The literature indicates similar rates of recurrence for surgical excision and CO2 laser ablation of oral squamous papillomas (10% and 14%, respectively). 6 The advantages of greater preservation of healthy oral mucosa and improved hemostasis provide growing support for CO2 ablation in the treatment of smaller or diffuse lesions. However, scarring may occur and lasting clearance of papillomas can be difficult to achieve. 7 , 8 A previous study indicates that CO2 laser ablation of respiratory papillomas prevented clinical recurrence for 5 years among just 17% of patients. 7 Our case utilized a multimodality approach with both excision and CO2 laser ablation, but did demonstrate multiple recurrences, likely due to a more conservative ablation initially. The decision of which surgical modality to implement may depend on the size of the lesions and surgeons’ preferences. The goal of treatment is to remove all of the papillomas while maximizing preservation of as much healthy tissue as possible; however, this may come at the cost of lesion recurrence. In our case, the lesions presented at follow‐up may have represented the consequence of either incomplete resection or de novo lesions.
The etiology of HPV‐positive oral squamous papillomas in sexually naive patients remains unclear. While we hypothesize that our patient's lesions may have been a result of autoinoculation by HPV‐positive skin lesions, this has not been proven and the exact etiology remains unknown. Further investigation into alternate non‐sexual modes of transmission is warranted to elucidate this diagnostic dilemma.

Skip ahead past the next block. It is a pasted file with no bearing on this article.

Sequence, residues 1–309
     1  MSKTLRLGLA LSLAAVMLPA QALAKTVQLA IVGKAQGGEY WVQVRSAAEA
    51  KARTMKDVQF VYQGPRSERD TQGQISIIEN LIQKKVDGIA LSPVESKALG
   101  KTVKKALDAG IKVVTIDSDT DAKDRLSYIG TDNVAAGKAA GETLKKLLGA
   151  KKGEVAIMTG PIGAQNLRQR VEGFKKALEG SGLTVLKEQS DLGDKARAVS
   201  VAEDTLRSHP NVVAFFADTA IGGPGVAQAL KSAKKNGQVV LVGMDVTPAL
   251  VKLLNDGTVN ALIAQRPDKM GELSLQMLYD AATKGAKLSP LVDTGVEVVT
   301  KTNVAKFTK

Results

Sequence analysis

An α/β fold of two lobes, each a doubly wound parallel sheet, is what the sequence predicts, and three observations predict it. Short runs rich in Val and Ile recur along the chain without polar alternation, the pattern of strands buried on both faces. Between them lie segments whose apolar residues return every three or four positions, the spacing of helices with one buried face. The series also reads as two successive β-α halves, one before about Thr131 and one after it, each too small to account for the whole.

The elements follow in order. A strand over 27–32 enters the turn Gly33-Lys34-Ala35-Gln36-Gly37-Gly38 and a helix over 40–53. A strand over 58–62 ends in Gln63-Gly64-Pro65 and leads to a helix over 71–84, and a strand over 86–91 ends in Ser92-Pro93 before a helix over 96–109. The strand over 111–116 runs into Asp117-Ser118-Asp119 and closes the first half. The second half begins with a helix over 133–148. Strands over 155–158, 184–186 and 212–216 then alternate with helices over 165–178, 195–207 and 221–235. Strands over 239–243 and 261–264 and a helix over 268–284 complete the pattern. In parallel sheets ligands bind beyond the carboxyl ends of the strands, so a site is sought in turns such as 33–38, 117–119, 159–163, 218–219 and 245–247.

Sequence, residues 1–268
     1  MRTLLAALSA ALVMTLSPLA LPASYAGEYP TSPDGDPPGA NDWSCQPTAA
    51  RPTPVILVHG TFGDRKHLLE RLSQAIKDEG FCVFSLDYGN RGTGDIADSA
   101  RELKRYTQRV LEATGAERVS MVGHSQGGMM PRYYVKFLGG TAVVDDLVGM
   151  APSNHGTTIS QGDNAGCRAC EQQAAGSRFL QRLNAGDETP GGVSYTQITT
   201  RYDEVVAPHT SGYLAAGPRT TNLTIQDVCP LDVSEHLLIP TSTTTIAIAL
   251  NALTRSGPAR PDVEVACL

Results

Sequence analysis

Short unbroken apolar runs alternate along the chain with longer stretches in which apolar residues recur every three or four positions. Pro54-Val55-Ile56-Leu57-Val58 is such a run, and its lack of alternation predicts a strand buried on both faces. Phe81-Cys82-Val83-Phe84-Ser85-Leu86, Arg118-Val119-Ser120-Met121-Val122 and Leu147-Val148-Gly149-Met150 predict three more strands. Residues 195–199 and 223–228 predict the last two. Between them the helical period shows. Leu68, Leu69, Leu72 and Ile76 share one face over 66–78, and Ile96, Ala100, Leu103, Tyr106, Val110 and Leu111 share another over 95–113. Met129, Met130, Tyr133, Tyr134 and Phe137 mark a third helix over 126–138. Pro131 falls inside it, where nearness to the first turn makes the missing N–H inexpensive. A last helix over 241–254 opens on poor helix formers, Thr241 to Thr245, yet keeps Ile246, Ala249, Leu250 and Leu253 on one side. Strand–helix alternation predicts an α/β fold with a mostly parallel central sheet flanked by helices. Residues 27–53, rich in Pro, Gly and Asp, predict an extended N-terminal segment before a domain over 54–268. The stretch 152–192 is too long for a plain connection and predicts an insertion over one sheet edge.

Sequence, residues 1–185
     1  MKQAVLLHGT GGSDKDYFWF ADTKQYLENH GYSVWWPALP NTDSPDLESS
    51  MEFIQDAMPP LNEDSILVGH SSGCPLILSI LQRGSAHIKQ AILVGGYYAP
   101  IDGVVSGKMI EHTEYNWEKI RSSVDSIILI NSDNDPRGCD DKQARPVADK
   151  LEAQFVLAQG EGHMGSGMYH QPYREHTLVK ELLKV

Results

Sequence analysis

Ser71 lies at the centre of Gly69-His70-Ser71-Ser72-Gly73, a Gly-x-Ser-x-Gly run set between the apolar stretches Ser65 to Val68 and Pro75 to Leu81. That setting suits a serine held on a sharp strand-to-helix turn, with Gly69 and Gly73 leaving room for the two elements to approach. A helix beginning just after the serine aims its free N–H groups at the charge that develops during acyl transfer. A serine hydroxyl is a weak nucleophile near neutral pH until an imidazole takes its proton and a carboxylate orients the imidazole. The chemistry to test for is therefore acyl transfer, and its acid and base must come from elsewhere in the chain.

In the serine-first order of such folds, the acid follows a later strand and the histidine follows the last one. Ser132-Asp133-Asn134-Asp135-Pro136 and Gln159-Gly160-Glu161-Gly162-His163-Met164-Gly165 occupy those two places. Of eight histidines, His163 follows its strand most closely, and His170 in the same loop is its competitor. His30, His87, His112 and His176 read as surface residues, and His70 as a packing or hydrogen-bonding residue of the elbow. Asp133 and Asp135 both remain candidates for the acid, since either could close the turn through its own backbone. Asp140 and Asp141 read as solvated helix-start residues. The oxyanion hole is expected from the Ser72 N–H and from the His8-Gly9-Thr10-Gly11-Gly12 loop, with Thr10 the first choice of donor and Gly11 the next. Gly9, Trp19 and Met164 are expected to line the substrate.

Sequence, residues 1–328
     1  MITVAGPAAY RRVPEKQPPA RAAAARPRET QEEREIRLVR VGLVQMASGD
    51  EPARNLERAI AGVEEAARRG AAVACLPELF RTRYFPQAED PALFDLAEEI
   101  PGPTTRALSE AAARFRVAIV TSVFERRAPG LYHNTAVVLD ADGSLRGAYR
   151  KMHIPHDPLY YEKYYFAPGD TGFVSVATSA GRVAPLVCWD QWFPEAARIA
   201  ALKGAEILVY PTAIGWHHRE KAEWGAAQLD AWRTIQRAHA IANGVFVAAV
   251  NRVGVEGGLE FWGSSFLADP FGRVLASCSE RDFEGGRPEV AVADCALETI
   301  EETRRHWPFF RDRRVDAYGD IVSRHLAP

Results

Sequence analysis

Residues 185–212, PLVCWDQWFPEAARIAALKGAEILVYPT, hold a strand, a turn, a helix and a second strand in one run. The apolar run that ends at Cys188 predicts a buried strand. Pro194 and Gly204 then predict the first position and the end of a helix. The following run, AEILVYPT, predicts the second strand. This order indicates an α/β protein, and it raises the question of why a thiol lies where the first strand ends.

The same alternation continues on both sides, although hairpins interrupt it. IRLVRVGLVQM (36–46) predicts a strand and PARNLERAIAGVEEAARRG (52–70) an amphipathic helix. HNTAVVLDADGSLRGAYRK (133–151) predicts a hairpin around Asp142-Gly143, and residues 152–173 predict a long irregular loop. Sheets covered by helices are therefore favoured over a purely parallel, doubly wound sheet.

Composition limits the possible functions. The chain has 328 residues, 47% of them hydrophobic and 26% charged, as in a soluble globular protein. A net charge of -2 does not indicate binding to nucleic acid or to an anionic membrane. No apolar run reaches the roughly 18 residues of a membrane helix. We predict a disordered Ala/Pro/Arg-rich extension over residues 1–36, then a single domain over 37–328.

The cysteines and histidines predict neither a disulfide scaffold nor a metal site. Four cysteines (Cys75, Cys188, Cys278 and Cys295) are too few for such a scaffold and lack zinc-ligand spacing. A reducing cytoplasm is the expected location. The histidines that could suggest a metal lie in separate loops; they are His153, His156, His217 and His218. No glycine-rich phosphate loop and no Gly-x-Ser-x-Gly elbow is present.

All authors have no conflicts of interest to disclose.
SB collected the data, performed the literature search, and prepared the manuscript. AK collected data, prepared and revised the manuscript, formatted figures, prepared and submitted the manuscript. JW prepared, formatted and described pathology specimens and figures. KC revised, prepared, and submitted the manuscript. All authors read and approved the final manuscript.
The Human Subjects Protection Office determined that the research for this manuscript does not meet the definition of human subject research and IRB review and approval is not required. The manuscript was created in compliance with the ethical standards of our institution.
This research did not receive any specific grant from funding agencies in the public, commercial, or not‐for‐profit sectors. Published with written consent of the patient.
All data generated or analyzed during this study are included in this published article.